Bedbugs

Bedbugs

A once common pest of slum dwellings, now reduced by improved standards of hygiene. Still occur with regularity, particularly in multi-occupancy buildings with rapid resident turnover, for example, hostels, holiday camps and blocks of flats.

The adult bug resembles a small brown disc, about 3.5mm long – the size of a match head. It is wingless but the legs are well developed and it can crawl up most vertical surfaces, e.g. bed legs. The elongated eggs are cemented in cracks or crevices close to the hosts (which for bed-bugs are humans).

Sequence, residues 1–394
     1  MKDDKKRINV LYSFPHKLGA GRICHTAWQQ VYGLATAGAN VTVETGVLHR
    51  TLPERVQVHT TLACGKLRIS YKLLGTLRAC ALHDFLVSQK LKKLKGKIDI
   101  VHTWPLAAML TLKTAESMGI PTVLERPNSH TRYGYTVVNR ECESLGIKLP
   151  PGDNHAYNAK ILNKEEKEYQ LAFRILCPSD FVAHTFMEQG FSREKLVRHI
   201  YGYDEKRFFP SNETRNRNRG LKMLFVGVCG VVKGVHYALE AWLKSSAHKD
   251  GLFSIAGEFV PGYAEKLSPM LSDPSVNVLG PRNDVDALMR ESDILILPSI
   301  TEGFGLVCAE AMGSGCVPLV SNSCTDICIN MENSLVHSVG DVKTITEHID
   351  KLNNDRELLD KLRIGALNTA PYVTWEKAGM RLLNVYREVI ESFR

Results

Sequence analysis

The young resemble the adult and grow by moulting. Each nymphal stage needs one full meal of blood before it proceeds to the next stage. Fully-grown bed bugs can endure starvation for up to a year in some cases.

Infested rooms may have bugs under wallpaper or in crevices in the furniture and joinery. They generally emerge to feed at night and their bite can cause severe local irritation. They also produce a characteristic unpleasant smell.

REMEDY: Treatment is less drastic than that recommended in 1680… “take gun powder, lay it about the crevices in the bedstead, light it and keep the smoke in.”

Today insecticidal surface and space sprays, or heat treatment of premises, clothing and bedding will be necessary; but this is a job for a reputable pest control contractor.